Some of you may know that the venerable Russian studio Mosfilm recently dumped a bonanza of Soviet-era films, many of which have rarely been seen in the West, onto YouTube: a fantastic service to lovers of world cinema, right?  The only catch is that they listed all the titles and descriptions in Russian, with no indication of which movies are subtitled in English (many are). To make matters even worse, a few of the movie titles have been translated into English, but these seem to have been done at random: there’s no relationship between whether the title has been rendered in English and whether the dialogue has.

Thanks to Russian translator and “friend-of-366” Irene Goncharova, who previously gave us the lowdown on Russian cult director Rustam Khamdamov, we’re able to provide you at least with some titles, guidelines and recommendations on exploring the musty archives of Soviet films—there are some real treasures hidden there.  Irene painstakingly figured out which movies were subtitled in English and provided us with the translated titles and matching links, with some commentary of her own (her comments are marked “IG”).  We’ve included IMDB links for more information on the films along with a direct link to the full free movie on YouTube.

UPDATE 6/27: I discovered that more films are subtitled than we originally thought (Irene estimates more than 280!) Although some of the Mosfilm movies have “hard” subtitles (on the image itself), there are additional movies that offer translations via “closed captioning.” Look for a little “CC” button in the bottom right area of the YouTube player; if you see this button and push it (it’s not available on all videos), you get a “pop-up” English translation. The button will turn red when the service is active. You learn something new every day!

If you have any additions or information, leave them in the comments and we’ll incorporate them into the guide.

Let’s begin with the giant of Russian weird films, the only name here known known to Westerners: Andrei Tarkovsky (whose films Nostalghia and Stalker already grace the List of 366).  Several of the Tarkovsky pictures Mosfilm put up on YouTube (Andrei Rublev and Solaris) have already been taken down (we suspect at the request of the Criterion Collection).  The Mirror (1975), which tells a man’s life in a series of disconnected flashbacks, dreams and historical re-enactments, remains available.


Assassin of the Tsar (1991, d. Karen Shakhnazarov) – Assassin was a co-production between Mosfilm and a British studio.  It stars Malcolm McDowell as a patient in an insane asylum who believes that he assassinated the Tsar in 1918.  McDowell spoke Russian for the production and later dubbed himself into English, which can be disconcerting. [IMDB Entry] [Watch on YouTube]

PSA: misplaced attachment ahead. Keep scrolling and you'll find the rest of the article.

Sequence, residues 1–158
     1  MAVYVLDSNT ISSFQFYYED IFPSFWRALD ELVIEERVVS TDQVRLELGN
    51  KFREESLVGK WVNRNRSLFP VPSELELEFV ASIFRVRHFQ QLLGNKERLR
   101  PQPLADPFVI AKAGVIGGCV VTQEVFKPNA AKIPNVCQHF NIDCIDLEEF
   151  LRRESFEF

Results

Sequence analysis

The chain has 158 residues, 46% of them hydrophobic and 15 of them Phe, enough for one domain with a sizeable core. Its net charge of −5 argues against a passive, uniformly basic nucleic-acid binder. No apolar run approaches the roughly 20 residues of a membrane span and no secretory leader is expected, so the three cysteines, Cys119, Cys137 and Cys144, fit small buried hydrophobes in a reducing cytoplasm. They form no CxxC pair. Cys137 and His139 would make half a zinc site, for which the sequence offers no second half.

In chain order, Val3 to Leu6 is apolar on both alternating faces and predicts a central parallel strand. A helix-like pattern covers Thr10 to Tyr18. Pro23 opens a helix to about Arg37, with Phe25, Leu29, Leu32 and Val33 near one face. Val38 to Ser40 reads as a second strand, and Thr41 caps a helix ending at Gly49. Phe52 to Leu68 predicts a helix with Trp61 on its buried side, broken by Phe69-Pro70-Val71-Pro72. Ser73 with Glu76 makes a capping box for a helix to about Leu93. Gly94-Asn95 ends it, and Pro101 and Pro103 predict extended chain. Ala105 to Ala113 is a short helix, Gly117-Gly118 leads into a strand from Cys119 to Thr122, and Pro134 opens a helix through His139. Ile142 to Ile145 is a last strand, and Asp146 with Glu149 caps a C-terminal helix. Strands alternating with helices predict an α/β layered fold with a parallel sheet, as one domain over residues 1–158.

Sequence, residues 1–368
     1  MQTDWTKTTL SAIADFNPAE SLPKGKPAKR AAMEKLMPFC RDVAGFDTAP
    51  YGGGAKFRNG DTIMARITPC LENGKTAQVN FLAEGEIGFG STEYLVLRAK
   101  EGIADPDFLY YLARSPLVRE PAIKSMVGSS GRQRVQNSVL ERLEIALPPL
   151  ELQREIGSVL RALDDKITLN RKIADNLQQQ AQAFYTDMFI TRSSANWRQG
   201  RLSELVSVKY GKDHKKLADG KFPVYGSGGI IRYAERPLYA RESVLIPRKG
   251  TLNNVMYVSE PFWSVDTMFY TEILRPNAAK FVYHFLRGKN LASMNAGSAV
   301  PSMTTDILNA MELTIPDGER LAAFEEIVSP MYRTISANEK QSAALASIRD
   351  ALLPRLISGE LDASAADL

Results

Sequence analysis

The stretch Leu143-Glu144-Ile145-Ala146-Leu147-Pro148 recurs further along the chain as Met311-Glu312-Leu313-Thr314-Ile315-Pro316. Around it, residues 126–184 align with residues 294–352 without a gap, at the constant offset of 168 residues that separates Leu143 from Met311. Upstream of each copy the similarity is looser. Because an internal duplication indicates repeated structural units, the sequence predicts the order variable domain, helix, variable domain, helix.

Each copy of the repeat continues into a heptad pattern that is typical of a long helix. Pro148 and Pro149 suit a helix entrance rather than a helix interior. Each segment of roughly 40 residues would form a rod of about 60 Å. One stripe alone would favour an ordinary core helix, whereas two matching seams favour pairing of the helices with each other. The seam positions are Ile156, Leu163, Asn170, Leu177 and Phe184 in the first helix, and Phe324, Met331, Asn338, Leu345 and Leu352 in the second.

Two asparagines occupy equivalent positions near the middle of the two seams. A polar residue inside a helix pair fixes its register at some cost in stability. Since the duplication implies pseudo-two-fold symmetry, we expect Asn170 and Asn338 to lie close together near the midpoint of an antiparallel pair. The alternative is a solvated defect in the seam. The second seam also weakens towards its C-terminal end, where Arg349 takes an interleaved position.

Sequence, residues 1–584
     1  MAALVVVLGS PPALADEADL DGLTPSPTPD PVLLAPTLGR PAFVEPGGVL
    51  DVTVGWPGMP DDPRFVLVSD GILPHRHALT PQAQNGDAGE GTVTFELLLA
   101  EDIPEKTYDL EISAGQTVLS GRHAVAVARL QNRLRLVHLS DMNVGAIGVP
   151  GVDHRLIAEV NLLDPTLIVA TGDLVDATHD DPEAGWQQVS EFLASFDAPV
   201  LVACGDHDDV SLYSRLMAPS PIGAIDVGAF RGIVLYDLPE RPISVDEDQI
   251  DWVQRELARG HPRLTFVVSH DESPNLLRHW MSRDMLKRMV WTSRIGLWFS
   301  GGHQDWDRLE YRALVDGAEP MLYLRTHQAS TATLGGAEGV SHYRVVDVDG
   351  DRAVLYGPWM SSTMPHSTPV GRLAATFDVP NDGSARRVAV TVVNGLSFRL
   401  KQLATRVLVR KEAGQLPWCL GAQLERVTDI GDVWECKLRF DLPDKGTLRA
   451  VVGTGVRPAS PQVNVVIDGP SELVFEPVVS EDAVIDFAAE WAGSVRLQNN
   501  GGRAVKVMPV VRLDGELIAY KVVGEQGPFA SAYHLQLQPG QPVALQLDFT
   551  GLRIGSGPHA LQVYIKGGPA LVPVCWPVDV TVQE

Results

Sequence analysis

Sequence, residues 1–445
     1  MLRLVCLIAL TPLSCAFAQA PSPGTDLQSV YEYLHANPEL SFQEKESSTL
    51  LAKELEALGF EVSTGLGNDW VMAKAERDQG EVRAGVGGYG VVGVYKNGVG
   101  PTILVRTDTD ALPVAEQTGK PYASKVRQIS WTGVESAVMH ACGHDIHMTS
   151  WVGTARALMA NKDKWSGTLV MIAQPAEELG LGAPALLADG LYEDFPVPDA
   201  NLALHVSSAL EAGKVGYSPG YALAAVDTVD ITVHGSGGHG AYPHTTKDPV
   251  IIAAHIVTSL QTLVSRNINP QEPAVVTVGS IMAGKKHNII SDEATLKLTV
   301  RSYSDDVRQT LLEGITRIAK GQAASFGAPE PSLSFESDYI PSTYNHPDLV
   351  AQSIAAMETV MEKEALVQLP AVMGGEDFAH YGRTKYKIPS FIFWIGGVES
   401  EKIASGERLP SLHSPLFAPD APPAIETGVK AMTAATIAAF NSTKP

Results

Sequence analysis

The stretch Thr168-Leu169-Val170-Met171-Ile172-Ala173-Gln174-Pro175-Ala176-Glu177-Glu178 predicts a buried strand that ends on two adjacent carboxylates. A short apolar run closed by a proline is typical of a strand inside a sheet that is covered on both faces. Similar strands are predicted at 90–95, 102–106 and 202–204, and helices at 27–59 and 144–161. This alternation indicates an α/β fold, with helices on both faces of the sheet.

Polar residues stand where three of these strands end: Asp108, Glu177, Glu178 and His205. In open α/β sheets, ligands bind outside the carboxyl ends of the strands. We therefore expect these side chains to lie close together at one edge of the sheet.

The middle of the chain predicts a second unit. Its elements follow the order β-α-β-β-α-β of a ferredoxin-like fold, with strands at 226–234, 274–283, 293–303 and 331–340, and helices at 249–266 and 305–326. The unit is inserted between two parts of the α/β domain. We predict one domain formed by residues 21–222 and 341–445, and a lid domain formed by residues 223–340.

Viy (1967, d. Georgi Kropachyov & Konstantin Yershov) – Read our review.  Virtually the only Soviet horror movie, from a Nicolai Gogol story, with a witch flying on a coffin and a horde of demons at the end.  An excellent film.

Zero Town (1990, d. Karen Shakhnazarov) – An engineer is sent to a small provincial town where everyone seems to be crazy, even the nude secretary.   This looks pretty weird.  “Staring Leonid Filatov, a very good actor.”-IG.  [IMDB Entry] [Watch on YouTube]


Alexander Nevsky (1938, d. Sergei Eisenstein) – Prince Nevsky turns back the invading Teutonic knights in this epic war classic.  Closed captioned (push the “CC” button for English translation).  [IMDB Entry] [Watch on YouTube]

Ballad of a Soldier (1959, d. Grigori Chukhrai) – Romance set during WWII.  Ballad is highly regarded, but little known in the West.  [IMDB Entry] [Watch on YouTube]

The Battleship Potemkin (1925, d. Sergei Eisenstein) – A classic of world cinema; other movies quote from Odessa steps massacre scene all the time.  Closed captioned (push the “CC” button for English translation).  [IMDB Entry] [Watch on YouTube]

Full Moon (1998, d. Karen Shakhnazarov) – Movie about the “new Russians,” circa 1998. [IMDB Entry] [Watch on YouTube]

Gentlemen of Fortune (1971, d. Aleksandr Seryj) – Mistaken identity comedy involving a stolen helmet belonging to Alexander the Great.   [IMDB Entry] [Watch on YouTube]

Ivan Vasilievich Changes Occupations [AKA Ivan Vasilievich: Back to the Future] (1973, Leonid Gaidai) – Popular Soviet time travel comedy that involves an apartment manager swicthing places with Ivan the Terrible. Closed captioned (push the “CC” button for English translation).  [IMDB Entry] [Watch on YouTube]

Jazzman (1984, d. Karen Shakhnazarov) – “A wonderful musical comedy on the origins of Soviet jazz.  Good actors and music.”–IG. [IMDB Entry] [Watch on YouTube]

Jewish Luck (1925, d. Alexis Granowsky) –  Silent comedy.  No music track included.  [IMDB Entry] [Watch on YouTube]

Jolly Fellows (1934, d. Grigori Alexandrov) – One of the first “talkie” musical comedies.  A shepherd is mistaken for a famous conductor.  [IMDB Entry] [Watch on YouTube]

Mimino (1977, d. Georgi Daneliya) – Comic adventures of a rural helicopter pilot in Moscow.  “A wonderful comedy with a perfect cast.”–IG [IMDB Entry] [Watch on YouTube]

Poisons, or the World History of Poisoning (2001, d. Karen Shakhnazarov) – Comedy (?) about the title subject, with re-enactments of historical poisonings by the Borgias and others.  [IMDB Entry] [Watch on YouTube]

A Railway Station for Two (1982, d. Eldar Riazanov) –  Comedy/drama/romance set in Siberia.  [IMDB Entry] [Watch on YouTube]

A Rider Named Death (2004, d. Karen Shakhnazarov) – Historical drama about terrorists in pre-Soviet Russia.  [IMDB Entry] [Watch on YouTube]

Ruslan and Ludmilla (1976, d. Aleksandr Ptushko) – “A Fairy Tale after a poem by Alexander Pushkin.”–IG.  Special effects are dated by the sets and costumes are colorful.  [IMDB Entry] [Watch Part 1 on YouTube] [Watch Part 2 on YouTube]